My advice to you is this: as you begin a meeting, whether it’s your meeting or someone else’s, state the facts. Factually describe what has been happening. You might say, “In our meetings I’ve noticed that many of us check our phones for texts and e-mails during the meeting. Frequently, we are sending messages.”

Next, explore natural consequences. Share some of the consequences and problems you see resulting from people’s use of digital communication. Perhaps you could say something like, “I’ve noticed that while this is happening, those involved seem to check out of the meeting. Information is often missed and I believe ideas are not being shared that could help the team. I’ve come to this conclusion because people are often unaware of information discussed or key points that were made during meetings that they attended. I think, at best, we are undermining our effectiveness; at worst, we are doing damage to our stakeholders.”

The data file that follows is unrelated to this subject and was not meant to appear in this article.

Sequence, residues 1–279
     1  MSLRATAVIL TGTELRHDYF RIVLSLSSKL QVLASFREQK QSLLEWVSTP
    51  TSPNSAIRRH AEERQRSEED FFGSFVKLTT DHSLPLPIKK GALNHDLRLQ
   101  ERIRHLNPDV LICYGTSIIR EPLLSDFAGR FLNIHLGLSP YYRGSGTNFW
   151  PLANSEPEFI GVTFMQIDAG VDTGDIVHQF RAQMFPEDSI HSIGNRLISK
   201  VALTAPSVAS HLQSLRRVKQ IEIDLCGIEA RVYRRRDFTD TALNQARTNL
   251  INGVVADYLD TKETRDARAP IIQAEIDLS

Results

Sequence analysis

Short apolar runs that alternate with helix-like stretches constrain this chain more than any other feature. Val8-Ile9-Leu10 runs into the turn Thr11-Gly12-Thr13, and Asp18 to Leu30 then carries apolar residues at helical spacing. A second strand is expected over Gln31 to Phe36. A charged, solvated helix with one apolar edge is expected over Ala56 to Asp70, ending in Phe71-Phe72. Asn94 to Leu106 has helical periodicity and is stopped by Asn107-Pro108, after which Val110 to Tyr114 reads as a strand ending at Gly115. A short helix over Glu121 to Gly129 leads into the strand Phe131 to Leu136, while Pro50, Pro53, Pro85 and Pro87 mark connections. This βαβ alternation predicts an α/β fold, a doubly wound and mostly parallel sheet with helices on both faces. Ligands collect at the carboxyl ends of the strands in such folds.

Invite others to dialogue. Ask others to share their view. “Do you see this differently? Am I missing something?” Listen carefully to others’ views. In most cases, the reason people feel the need to constantly check messages is so they can stay in touch or not miss something of importance. Help your teammates understand it’s usually a trade-off between accomplishing the team’s purposes and individual convenience. The answer usually comes from being organized and disciplined.

Propose a solution. Ask others if they would be willing to try an experiment. Propose the team use the “movie rule” for two meetings and see if things improve. Create clear expectations so everyone understands what the new guidelines are.

Begin every meeting with a reminder. Review the team’s agreement about not using digital communication and ask if anyone needs an exception to the rule. Discuss any requests and agree together how to proceed.

Review results. At the end of the meeting check to see how the attendees felt the meeting went. Did they notice any difference? Did they see these new guidelines as an improvement? Are they willing to do it again next time? Often, after two “digital-free” meetings, team members see the changes, recognize the improvements, and are willing to continue.

If they have not become full converts, you can agree on compromises that still make things better, like turning the phones off when a critical issue must be discussed that requires everyone’s undivided attention.